By Jack Bryant
November 1967, Vietnam
“Grab your aid bag Doc! We gotta roll”
I had only been in Vietnam two months and had participated in just two small skirmishes—no major injuries. As a medic with the 11th Armored Cavalry tank company, I was relieved that my responsibilities consisted mostly of treating toothaches, cuts and burns and various body fungi.
But this was different. Less than a mile from our position a bus carrying more than 70 unarmed Vietnamese civilians had been rocketed by Viet Cong. My tank platoon had been called to provide security and medical help.
My first sight of the total carnage and horror of war literally froze me. Blood everywhere. Bodies everywhere. Screams of pain and terror in a language understandable by everyone. The stench of burning flesh and gunpowder. The smell of fear. The smell of death.
Welcome to the war, Jack.
Thanksgiving Day, 1967, I helped put 29 civilians, mostly women and children, into body bags and lined them along the roadside. The Vietnamese authorities would pick them up later.
That day I helped evacuate more than thirty
seriously wounded civilians. That day I helped bury arms, feet, hands, legs
and other unidentifiable body parts. That day I listened to the cries of
children who did not understand what had happened. And I listened to the cries
of mothers who did understand.
November 1991, Shreveport, LA
Today, my in-laws are coming for dinner. I am fortunate to have in-laws such as these. We not only get along together but we actually enjoy each other. I look forward to watching the Dallas Cowboy game with my Texan brother-in-law. I look forward to playing Canasta with my father-in-law as my partner. Later tonight, my family will meet my brother’s family at our parents house. My wife (and best friend) of 30 years is busy putting the final touches on a Thanksgiving Day feast. She has worked for three days on her homemade rolls. She doesn’t often have the opportunity to make them.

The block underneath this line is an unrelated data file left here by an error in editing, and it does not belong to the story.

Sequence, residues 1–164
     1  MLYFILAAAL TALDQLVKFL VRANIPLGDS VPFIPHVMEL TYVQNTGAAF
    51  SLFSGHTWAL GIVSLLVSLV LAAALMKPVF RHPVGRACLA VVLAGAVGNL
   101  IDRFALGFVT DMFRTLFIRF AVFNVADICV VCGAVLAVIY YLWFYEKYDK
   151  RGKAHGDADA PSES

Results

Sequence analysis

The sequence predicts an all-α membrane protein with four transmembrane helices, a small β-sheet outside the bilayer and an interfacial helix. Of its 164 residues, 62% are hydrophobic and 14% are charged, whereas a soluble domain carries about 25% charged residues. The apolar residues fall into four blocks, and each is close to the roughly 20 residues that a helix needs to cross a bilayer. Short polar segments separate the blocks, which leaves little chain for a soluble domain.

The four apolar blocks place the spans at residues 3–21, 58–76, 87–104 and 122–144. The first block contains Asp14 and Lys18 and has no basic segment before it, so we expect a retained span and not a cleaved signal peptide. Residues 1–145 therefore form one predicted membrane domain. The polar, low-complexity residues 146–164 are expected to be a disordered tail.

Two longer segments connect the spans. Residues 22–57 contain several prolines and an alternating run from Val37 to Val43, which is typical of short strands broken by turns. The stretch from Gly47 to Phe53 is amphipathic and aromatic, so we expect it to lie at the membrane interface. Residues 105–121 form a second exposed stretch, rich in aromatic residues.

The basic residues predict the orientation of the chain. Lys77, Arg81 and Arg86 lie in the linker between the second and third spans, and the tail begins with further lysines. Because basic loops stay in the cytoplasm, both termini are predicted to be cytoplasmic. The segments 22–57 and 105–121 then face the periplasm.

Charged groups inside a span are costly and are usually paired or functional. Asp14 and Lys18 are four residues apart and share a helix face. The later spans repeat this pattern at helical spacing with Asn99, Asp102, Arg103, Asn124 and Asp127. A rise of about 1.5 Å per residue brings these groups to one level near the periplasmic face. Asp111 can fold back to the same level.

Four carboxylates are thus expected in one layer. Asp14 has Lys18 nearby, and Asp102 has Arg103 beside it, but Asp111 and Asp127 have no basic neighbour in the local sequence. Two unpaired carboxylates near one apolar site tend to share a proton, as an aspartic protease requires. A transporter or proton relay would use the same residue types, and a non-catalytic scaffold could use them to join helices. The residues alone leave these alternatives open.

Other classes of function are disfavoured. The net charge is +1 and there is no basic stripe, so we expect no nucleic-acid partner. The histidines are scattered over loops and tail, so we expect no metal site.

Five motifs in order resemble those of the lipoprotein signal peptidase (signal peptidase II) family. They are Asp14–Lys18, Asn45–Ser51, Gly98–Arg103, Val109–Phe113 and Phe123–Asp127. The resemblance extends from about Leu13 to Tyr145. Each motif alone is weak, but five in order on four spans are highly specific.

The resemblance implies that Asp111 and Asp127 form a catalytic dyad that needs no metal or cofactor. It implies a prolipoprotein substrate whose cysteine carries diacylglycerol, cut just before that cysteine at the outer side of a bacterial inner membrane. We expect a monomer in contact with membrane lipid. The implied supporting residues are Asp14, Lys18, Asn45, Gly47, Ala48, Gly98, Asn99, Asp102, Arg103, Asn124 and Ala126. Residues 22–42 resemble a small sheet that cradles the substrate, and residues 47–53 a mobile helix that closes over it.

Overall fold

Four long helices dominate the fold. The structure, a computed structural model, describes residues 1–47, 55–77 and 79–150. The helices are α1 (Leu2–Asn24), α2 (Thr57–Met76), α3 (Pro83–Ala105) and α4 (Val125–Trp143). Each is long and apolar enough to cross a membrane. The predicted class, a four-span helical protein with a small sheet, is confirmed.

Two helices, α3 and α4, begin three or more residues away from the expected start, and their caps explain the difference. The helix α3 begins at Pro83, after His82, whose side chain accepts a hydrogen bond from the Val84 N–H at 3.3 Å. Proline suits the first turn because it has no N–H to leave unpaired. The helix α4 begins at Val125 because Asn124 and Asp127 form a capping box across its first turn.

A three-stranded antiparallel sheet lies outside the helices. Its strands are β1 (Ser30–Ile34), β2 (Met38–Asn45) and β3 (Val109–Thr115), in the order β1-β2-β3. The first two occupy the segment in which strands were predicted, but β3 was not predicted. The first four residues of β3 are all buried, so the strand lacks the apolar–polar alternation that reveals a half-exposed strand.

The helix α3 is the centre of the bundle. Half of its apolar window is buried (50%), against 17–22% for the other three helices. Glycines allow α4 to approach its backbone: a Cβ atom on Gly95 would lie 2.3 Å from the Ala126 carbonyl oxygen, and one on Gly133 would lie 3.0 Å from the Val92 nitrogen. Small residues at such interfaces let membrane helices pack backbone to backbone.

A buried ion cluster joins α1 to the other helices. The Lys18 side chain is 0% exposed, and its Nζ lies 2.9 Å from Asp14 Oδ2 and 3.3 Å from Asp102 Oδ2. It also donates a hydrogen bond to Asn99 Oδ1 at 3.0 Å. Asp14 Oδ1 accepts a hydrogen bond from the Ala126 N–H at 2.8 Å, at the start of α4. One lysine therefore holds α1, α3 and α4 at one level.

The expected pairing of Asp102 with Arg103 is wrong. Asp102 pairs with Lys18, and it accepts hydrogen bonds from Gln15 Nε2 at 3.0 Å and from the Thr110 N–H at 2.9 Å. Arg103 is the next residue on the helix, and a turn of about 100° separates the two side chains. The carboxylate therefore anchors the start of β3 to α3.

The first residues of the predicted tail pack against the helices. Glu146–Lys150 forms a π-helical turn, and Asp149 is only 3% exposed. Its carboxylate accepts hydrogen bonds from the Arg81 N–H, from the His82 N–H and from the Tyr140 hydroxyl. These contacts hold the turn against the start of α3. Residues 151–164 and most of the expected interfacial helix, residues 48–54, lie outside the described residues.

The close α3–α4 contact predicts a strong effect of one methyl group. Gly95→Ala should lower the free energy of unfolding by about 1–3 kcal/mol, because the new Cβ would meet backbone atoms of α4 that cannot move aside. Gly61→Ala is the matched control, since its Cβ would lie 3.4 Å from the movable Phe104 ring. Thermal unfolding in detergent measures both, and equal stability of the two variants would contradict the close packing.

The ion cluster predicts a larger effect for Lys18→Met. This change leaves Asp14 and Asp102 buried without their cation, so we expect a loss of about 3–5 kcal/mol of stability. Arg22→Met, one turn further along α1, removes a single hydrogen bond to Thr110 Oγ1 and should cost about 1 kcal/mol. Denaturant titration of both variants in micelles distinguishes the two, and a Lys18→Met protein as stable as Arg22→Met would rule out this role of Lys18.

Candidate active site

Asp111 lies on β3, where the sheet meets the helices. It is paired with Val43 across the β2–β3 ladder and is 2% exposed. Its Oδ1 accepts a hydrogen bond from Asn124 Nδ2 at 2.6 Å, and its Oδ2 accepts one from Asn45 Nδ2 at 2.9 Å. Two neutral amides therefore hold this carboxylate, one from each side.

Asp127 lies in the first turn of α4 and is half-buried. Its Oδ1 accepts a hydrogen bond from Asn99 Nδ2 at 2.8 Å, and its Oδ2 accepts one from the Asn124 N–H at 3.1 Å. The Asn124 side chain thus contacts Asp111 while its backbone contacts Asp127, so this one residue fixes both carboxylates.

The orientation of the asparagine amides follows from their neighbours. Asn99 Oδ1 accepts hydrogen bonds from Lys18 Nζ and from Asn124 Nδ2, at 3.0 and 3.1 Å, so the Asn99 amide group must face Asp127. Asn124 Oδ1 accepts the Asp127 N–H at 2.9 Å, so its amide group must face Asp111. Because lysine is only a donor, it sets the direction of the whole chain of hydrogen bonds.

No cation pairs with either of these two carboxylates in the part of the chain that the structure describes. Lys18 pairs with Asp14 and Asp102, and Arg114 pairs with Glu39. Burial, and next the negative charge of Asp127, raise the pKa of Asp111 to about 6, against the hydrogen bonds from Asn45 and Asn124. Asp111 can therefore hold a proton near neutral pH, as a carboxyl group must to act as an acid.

My teenage daughter is in her room talking on the phone and playing her radio too loudly. This is irritating, but this time I let it pass. She doesn’t drink, she doesn’t smoke, and—thank God—she doesn’t do dope. I’m happy. I have a lot to be thankful for.
But as I open the drapes and look out the window, I see my neighbor’s trash. Black bags of leaves and grass are lined along the roadside waiting for pickup. They remind me of body bags lining a Vietnamese roadside and memories of that Thanksgiving Day in 1967 assail me.
After a moment I close the drapes and walk over to hug my wife. She understands. And I am thankful.